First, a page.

BERNARD COLUMN: Libertarianism in decline

Published 10:30 am Tuesday, March 29, 2022

By Jack Bernard
Bernard is a retired corporate executive

At one time, when I was younger, I admired the libertarian movement. I thought that I might even classify myself as a libertarian back then. I’m still liberal on social issues and fiscally conservative, believing in a balanced budget and cost-benefit as the basis for governmental spending. But no longer do I consider myself a libertarian, given the latest contorted strain.

Essentially, my original understanding was that libertarians wanted to keep government regulation out of places that it should not be into, preserving our personal liberties and individual rights. I’m totally supportive of that concept, as are many Americans. 

My version of libertarianism is defined, for example, as loosening the very restrictive, irrational, and overly moralistic government regulations prohibiting gambling, abortion (freedom of choice), marijuana sales, and paid sex. I don’t do any of these things myself and never have. But if someone else wants to do it, it’s fine with me so long as no one else gets harmed (as they do with secondhand smoke, for example). That’s my sort of libertarian.

But the latest version of right-wing extremist libertarianism ignores these traditional items relating to personal freedom. Instead, the New Right version of libertarianism is simply used as an excuse for the better off, especially the super wealthy, to avoid paying their fair share of taxes needed to help our most unfortunate. I’ve known billionaire libertarians who have this view.

This exploitation is all done in the name of laissez-faire economic capitalism. And these libertarians also are advocates of the extremist view that governmental taxes are equivalent to stealing money from citizens. These ill-liberal people have the nerve to call themselves “classical liberals,” whatever that is supposed to mean.

The Cato Institute is a good example of the current right-wing extremist theory masquerading as libertarianism. This group is against Social Security as we know it. Instead, people can just have their own savings accounts. How many people do you personally know right now who did not save money for retirement, pulling money out of their IRAs early and so on? These people are barely surviving on Social Security and would be homeless without it under the Cato plan.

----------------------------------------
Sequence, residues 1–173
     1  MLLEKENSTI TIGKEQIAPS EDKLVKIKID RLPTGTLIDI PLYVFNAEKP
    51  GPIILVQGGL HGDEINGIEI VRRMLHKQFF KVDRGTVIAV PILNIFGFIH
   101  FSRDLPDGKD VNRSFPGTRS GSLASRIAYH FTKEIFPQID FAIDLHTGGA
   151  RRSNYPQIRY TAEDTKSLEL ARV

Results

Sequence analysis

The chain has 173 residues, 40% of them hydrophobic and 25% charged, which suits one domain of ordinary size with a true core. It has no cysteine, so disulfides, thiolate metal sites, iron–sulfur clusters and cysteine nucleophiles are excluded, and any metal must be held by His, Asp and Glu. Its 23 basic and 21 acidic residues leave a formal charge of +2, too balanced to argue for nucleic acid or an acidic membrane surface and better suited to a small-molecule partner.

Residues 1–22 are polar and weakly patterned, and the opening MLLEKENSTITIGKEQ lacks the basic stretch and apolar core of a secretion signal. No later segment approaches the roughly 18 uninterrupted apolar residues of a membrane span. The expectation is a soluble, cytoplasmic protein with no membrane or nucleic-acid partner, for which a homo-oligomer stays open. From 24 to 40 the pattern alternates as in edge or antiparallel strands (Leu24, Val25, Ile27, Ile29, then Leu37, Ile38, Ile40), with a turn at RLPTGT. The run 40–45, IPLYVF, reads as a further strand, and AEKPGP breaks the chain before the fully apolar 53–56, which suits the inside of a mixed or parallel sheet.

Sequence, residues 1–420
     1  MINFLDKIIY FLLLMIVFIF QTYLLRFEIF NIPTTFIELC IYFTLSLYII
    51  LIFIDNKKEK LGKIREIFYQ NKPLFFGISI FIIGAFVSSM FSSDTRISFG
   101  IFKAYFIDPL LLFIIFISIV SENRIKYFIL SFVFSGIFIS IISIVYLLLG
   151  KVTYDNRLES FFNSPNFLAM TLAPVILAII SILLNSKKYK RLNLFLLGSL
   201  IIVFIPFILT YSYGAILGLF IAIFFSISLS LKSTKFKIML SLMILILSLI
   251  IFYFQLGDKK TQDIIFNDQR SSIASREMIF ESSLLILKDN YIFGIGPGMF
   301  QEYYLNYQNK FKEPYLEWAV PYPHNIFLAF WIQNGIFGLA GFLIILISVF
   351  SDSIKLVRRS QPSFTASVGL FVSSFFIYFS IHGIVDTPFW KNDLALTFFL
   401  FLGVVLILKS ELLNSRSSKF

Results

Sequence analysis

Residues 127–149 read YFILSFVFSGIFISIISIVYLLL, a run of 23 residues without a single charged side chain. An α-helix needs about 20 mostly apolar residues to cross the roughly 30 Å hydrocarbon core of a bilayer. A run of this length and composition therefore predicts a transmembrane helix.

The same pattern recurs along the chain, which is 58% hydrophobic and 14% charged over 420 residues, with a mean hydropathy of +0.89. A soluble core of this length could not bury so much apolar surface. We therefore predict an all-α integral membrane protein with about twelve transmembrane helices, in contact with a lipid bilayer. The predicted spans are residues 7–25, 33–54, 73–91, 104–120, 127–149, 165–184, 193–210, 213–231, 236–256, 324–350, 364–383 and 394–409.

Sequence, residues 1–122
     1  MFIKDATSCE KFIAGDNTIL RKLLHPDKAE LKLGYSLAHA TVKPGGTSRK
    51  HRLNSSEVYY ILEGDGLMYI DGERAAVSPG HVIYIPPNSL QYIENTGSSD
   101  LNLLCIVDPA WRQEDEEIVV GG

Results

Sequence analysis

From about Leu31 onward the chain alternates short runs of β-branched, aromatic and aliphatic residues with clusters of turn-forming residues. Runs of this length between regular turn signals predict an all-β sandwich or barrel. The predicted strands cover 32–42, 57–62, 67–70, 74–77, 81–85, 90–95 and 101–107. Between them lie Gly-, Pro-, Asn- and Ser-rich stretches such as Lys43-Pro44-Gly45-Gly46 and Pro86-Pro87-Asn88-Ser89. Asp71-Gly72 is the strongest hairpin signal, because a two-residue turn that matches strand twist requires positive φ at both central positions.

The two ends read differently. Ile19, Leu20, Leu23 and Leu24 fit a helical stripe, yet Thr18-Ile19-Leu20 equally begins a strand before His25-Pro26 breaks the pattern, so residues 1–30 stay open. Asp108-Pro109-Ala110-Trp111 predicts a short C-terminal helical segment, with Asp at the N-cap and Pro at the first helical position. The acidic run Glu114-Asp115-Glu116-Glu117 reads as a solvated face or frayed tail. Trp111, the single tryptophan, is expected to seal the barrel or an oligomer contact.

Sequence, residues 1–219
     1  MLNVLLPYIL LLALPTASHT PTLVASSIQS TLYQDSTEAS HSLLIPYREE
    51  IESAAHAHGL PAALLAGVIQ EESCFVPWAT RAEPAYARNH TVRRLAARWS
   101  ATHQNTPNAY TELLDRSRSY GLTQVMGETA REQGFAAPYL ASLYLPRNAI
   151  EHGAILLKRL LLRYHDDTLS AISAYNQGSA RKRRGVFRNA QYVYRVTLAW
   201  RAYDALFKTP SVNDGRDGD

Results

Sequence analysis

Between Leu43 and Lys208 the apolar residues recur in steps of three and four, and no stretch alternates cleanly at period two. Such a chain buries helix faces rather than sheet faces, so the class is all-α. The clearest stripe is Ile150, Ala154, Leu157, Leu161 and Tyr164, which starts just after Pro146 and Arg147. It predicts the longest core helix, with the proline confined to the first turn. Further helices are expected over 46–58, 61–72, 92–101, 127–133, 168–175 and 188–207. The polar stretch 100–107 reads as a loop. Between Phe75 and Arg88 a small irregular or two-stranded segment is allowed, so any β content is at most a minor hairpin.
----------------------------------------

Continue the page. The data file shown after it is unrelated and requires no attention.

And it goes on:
These “classical liberal” libertarians deplore public schools, the most effective melting pot this nation has ever had. They are isolationist, ignoring the importance of positive foreign relations with our allies like NATO and very narrowly defining our self-interest. Can you imagine what a mess we would be now with Russia under a libertarian president?

The Cato Institute wants government out of healthcare, so goodbye Medicare and Medicaid as we know them, even though they are widely liked by both voters in both parties. Instead, we will have a voucher system. Patients will be even more at the mercy of Big Pharma and the massive medical-industrial conglomerate, the new American way under libertarianism. 

And let’s do away with government help for the poor and leave that to “private charities,” whatever that is supposed to mean. Plus, who needs Head Start for young children or food stamps for the families of these poor kids; let them eat cake!

And let’s not even mention clean energy regulations which Cato believes “destabilized markets, reduced domestic output, and decreased consumer welfare”. Per Cato – “green energy is not competitive”; so there, take that environmentalists.   Before I conclude, let’s return to those personal freedoms that true libertarians want. Nowhere in the Cato Institute’s website are those mentioned. Nothing in the way of advocacy for freedom to gamble, freedom of choice, marijuana legalization, or decriminalizing paid sex.  And that’s why I no longer consider myself a libertarian.